"So why should we make so many people busy? Actually the other species, like the dharmapalas, are even busier than we are. Do you understand what it means to have a retreat like this? Now you have heard how all the Buddhas, the dharmapalas and the bodhisattvas are very busy on our behalf. And you who have come here to practice during this retreat, you are always busy, but now you should work even harder. You should be even busier during this retreat. So you should understand that all the ancient monks of ancient times, they also practiced like this.

The matter of birth and death lies in our hands. Your body, your feelings and your mind lie in your own hands. From now on you donít have to do anything during the retreat. Itís not important to join your palms or bow your head to each other. The only thing you have to do is meditate on the koan. You donít have to ask each other anything. You donít even have to light incense. You donít even have to prostrate. These things are not important. The only important thing is to grasp the koan. And you donít have to join your palms in front of the head of practice or in front of the monk or who leads the ceremonies. So if you get sick can you join your palms to the leader of the practice asking if you can rest? No, you canít. If you ask nobody will dare to give you permission to rest if you are sick. You have to ask me, but I cannot give you permission. So if you are sick, what do you have to do? You just have to continue the retreat, you just have to do the sitting, whether you are alive, whether you are dead, whether you are sick. You have to keep sitting. So itís okay if you die in this retreat, then we will take you out and bury you. That is the best way to resolve your sickness. So if you are sick you have to sit, you have to look deeply. If you die we will just have to put you in the coffin and leave you there until the end of the retreat and then weíll go to bury you. Youíre not allowed to smile, youíre not allowed to turn your head and look at someone else at any moment. What is more, during this time of retreat, whatever you are doing, whether you are going to the toilet or anything else, you cannot look at anyone, you cannot smile. If you do this you'll have to be beaten by the master of discipline, and if you are beaten many times then you may die, and then we will leave you until the retreat is finished and then we will bury you. Because if you are beaten you die during the retreat, we wonít have time to bury you. In past retreats people have died. So I will say that if you are very sick, and you feel that you are going to die, you cannot ask to rest. If you die, we will just leave you to lie there until the end of the retreat and then we will bury you. If you want to go out you have to ask permission of the leader of the discipline, and even if you have to go to the toilet we cannot let you go out of the meditation hall because nobody will open the door for you until the session is finished. So you have to understand there is nothing more to do than to go beyond birth and death."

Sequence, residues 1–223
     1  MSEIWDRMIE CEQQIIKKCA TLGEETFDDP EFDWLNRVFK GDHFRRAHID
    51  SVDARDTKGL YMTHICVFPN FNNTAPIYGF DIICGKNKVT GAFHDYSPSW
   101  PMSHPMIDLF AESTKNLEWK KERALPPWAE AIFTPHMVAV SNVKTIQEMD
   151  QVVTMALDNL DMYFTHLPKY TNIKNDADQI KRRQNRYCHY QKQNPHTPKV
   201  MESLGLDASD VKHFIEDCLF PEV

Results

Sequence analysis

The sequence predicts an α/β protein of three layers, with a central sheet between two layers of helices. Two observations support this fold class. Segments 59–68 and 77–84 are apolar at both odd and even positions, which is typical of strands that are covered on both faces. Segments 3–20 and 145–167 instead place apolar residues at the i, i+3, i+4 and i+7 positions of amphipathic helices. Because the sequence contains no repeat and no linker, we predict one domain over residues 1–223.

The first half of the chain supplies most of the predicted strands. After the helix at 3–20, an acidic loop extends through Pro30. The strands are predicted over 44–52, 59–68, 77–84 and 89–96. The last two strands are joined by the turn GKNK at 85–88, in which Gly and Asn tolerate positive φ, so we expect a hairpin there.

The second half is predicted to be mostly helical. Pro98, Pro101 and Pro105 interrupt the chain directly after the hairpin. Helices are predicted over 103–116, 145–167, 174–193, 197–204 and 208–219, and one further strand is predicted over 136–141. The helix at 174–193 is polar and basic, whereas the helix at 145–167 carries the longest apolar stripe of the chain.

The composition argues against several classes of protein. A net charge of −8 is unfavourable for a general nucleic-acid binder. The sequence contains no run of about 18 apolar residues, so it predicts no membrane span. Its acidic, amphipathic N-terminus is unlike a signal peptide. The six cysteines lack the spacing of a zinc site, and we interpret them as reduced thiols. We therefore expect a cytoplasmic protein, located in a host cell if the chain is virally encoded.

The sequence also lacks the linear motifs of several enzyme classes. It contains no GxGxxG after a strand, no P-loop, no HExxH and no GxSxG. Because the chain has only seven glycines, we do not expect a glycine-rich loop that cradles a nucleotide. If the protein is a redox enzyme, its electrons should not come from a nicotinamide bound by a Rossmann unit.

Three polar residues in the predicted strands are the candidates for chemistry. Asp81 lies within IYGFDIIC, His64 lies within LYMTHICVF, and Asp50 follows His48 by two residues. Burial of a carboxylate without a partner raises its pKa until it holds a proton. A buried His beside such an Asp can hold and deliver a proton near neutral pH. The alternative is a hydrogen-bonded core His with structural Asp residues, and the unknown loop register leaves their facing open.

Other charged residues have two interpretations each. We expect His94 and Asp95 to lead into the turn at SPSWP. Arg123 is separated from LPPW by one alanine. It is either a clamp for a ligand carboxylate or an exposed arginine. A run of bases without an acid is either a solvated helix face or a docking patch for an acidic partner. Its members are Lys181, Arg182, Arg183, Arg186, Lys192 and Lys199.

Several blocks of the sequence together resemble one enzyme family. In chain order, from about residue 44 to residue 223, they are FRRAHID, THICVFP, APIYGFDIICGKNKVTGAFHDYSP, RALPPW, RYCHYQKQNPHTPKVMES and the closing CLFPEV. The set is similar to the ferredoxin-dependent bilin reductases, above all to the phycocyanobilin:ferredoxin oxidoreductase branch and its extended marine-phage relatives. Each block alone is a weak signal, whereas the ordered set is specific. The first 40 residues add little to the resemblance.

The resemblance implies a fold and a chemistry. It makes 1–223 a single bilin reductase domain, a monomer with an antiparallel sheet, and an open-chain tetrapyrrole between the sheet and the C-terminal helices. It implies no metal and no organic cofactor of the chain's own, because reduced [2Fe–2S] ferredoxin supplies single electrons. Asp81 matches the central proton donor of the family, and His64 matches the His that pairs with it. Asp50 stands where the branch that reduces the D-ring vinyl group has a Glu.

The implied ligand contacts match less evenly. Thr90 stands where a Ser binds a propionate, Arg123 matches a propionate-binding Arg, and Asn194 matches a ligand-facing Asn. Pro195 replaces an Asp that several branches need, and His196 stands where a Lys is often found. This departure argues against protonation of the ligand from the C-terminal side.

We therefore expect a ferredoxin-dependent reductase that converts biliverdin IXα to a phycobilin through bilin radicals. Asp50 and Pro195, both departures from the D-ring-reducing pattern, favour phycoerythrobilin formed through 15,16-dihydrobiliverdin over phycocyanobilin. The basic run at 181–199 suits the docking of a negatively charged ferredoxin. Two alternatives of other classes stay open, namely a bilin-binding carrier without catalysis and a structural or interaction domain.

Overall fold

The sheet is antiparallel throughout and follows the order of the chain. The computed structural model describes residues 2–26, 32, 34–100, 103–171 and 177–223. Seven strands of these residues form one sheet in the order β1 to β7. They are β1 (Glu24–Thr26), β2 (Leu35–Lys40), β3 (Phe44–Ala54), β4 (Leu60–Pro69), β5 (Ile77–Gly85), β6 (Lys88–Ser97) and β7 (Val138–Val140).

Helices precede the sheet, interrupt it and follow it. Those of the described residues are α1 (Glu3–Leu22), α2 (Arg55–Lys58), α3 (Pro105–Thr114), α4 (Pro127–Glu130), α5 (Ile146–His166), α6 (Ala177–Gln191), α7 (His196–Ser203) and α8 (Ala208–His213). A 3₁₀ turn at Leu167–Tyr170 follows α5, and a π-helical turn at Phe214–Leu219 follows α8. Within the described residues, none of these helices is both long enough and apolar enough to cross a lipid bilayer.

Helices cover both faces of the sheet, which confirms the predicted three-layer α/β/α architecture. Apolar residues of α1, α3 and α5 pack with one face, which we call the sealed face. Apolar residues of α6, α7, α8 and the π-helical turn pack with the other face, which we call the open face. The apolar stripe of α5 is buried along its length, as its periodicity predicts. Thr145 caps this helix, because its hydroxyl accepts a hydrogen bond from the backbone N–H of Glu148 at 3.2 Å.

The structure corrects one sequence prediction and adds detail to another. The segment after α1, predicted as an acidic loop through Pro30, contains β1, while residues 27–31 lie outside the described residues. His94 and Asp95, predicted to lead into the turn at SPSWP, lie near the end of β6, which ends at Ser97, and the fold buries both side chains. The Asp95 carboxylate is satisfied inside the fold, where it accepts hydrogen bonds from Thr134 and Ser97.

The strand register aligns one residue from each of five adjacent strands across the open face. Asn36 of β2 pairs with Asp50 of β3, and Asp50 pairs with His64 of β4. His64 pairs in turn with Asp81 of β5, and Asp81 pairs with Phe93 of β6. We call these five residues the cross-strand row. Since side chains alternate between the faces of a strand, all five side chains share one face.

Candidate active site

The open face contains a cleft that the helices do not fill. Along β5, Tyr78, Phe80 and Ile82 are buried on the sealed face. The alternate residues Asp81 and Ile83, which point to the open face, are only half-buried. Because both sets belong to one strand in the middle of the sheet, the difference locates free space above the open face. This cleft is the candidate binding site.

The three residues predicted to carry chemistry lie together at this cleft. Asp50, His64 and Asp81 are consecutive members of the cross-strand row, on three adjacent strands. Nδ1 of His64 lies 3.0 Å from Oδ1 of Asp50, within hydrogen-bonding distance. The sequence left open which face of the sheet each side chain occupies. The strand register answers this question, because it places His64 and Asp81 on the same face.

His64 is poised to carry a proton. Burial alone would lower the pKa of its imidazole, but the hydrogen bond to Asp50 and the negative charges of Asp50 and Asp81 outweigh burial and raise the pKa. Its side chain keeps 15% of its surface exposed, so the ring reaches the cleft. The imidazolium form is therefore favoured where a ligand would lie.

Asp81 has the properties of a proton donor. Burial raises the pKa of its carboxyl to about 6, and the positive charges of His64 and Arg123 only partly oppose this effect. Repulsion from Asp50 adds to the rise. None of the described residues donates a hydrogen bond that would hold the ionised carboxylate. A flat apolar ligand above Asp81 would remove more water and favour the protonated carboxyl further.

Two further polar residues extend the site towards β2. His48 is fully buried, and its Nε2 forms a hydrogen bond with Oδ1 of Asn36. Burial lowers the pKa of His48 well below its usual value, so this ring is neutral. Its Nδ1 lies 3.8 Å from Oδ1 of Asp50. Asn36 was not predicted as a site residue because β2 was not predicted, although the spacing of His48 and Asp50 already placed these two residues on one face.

So that is the introduction to the retreat. The monks practiced all year around, and when they entered the retreat only then could they hope to have a breakthrough. The master says if we put all our mind into resolving the koan, then we donít need to go to the toilet, we cannot get sick, the only thing that is important is to give our mind to the koan.